Review Terror of MechaGodzilla film review by The King of the Monsters
Written By The King of the Monsters on 2015-01-05 20:49:04
Terror of MechaGodzilla MovieLearn More
The last of the original series of Godzilla films, and the last entry to be directed by the great Ishiro Honda, Terror of Mechagodzilla is vintage Godzilla at its finest. This film combines the dark tone of the original 1954 classic, as well as the colorful and fun monster battles of its numerous sequels. Combine this with a masterful musical score by Akira Ifukube and a unique if unevenly executed human cast, and you have a memorable and exemplary entry in the long-running series.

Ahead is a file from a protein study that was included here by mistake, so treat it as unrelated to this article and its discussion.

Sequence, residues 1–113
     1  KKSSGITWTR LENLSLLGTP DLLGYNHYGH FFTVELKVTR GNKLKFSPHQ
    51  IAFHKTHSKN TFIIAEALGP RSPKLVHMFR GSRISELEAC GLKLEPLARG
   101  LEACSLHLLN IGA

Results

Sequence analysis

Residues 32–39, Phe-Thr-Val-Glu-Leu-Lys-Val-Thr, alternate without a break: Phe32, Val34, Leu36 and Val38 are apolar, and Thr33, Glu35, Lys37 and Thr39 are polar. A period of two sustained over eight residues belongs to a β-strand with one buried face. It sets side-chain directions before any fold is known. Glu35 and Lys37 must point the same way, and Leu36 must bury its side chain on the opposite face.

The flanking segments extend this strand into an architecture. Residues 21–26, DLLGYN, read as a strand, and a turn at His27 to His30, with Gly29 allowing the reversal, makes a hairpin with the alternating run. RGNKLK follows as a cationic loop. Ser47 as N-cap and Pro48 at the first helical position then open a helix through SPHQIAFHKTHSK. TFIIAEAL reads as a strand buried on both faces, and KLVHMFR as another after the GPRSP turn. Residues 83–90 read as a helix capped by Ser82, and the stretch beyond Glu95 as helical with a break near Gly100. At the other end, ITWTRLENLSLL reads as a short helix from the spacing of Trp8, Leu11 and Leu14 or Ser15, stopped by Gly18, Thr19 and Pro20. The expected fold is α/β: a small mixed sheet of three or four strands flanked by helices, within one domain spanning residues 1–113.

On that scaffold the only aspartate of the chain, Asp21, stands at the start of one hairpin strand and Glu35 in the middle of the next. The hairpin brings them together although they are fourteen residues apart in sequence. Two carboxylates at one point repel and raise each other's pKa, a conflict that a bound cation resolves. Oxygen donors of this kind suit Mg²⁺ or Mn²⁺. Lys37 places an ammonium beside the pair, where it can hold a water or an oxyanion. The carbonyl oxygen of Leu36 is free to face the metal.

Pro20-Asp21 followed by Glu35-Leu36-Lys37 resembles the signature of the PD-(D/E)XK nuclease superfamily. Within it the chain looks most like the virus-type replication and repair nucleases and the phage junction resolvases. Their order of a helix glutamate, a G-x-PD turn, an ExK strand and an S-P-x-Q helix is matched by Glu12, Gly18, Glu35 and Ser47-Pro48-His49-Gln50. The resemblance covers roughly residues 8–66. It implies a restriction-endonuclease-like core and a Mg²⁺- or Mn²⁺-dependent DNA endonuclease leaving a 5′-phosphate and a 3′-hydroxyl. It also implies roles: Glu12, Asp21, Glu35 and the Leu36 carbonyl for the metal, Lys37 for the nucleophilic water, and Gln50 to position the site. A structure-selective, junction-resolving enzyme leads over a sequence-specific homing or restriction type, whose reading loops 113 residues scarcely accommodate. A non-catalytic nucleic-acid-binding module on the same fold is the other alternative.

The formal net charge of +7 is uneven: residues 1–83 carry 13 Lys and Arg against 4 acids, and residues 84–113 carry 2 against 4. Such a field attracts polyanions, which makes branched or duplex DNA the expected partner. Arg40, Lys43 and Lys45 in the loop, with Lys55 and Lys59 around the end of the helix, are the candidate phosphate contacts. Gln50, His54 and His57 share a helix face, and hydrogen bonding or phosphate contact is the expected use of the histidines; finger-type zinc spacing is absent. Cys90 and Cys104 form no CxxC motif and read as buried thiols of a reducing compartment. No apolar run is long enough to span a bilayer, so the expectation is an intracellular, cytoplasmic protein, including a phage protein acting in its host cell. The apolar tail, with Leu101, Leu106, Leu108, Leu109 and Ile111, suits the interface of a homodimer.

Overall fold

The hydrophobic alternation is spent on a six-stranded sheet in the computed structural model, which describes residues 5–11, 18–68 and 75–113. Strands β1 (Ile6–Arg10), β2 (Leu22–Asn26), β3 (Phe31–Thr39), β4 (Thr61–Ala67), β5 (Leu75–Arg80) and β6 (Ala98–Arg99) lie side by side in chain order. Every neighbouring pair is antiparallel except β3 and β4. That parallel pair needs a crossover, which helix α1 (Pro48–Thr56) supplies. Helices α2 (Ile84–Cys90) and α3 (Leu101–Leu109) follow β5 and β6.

*SPOILERS MAY FOLLOW* Terror of Mechagodzilla tells the story of Akira Ichinose, a marine biologist working for Interpol to investigate the sinking of the research submarine Akatsuki allegedly by a giant dinosaur. Ichinose and his old friend, Interpol agent Jiro Marukoshi, inquire at the Japanese Oceanographic Institute, where they are informed about Dr. Shinzo Mafune, a once-respected marine biologist who studied ways to control sea life remotely. Mafune eventually claimed to have discovered and taken control of a giant aquatic dinosaur called Titanosaurus. Ichinose and Marukoshi visit Mafune's home on Manazuru Island, where they are greeted by his daughter Katsura, who insists that her father is dead and that she burned all of his notes as his last wish. In reality though, the disgruntled Dr. Mafune has joined forces with a mysterious group of men, who have agreed to help him get revenge on the world for shunning him using Titanosaurus and a weapon created by the strange men. Mafune is led to the men's base in the mountains, where he discovers that they are actually Aliens from the Third Planet of the Black Hole and their weapon is none other than Mechagodzilla. The Aliens inform Mafune that they will provide him and Katsura a place in their new utopian society after humanity is wiped out if he will assist them in rebuilding and improving Mechagodzilla. When Mafune informs the Aliens' leader, Mugal, that Mechagodzilla requires living brain tissue to be truly perfect, the Aliens install Mechagodzilla's controller in the body of Katsura, whom they had actually transformed into a cyborg many years ago unbeknownst to Mafune after she was mortally wounded in a lab accident. Untrusting of the Aliens, Mafune and Katsura summon Titanosaurus to attack Japan themselves. Godzilla arrives and does battle with Titanosaurus, who retreats after a brief skirmish. When Katsura is injured in a gunfight with Interpol, Mafune witnesses what the Aliens have done to his daughter as they repair her. Mafune expresses deep regret and guilt to Katsura for what he has caused to happen to her, and begrudgingly agrees to assist the Aliens in their final assault on Tokyo. Ichinose, smitten with Katsura, travels to her home to try and speak to her, but is beaten and captured by the Aliens. Ichinose is tied up in Mafune's lab, where he comes face-to-face with the scientist and his mind-controlled daughter. Ichinose pleads with Katsura to end this madness, but she complies with her Alien controllers' orders and unleashes Mechagodzilla and Titanosaurus into Tokyo. The monsters reduce Tokyo to a smoking ruin in a matter of minutes before Godzilla rises to fight them off. Godzilla finds himself outmatched by the larger Titanosaurus and superiorly-armed Mechagodzilla, and is subsequently beaten into submission and buried underground. Meanwhile, Interpol has discovered that Titanosaurus is rendered helpless by supersonic waves, and build a supersonic oscillator to subdue the monster. Supersonic waves are fired at Titanosaurus from a helicopter, occupying the monster while Godzilla rises from his tomb to take on Mechagodzilla. Braving Mechagodzilla's missiles and lasers, Godzilla gets in close and tears the head from his mechanical double as he did a year before. However, this time Mechagodzilla's brain has been placed below his head and is outfitted with a laser cannon. The headless Mechagodzilla blasts Godzilla to the ground and moves in to finish him. Meanwhile, Interpol locates Mafune's lab and storms it. Most of the Aliens are killed in the subsequent gunfight, as is Dr. Mafune. Katsura snaps out of her trance and is comforted by Ichinose. Katsura realizes that the controller for Mechagodzilla is still inside her body, and that in order to stop the machine she must be destroyed. Katsura begs Ichinose to kill her, but he refuses and says he can't. Katsura grabs a pistol from the ground and shoots herself in the chest, tragically but heroically sacrificing her own life to stop Mechagodzilla. Mechagodzilla shuts down, and Godzilla wastes no time in destroying his robot doppleganger for good. Godzilla turns his attention to Titanosaurus, and manages to knock the aquatic monster into the ocean with a blast of atomic breath. Mugal and the remaining Aliens try to escape in their spaceships, but are shot down by Godzilla's atomic breath. With the world saved, Ichinose stands with Katsura's body in his arms, watching Godzilla return to the sea.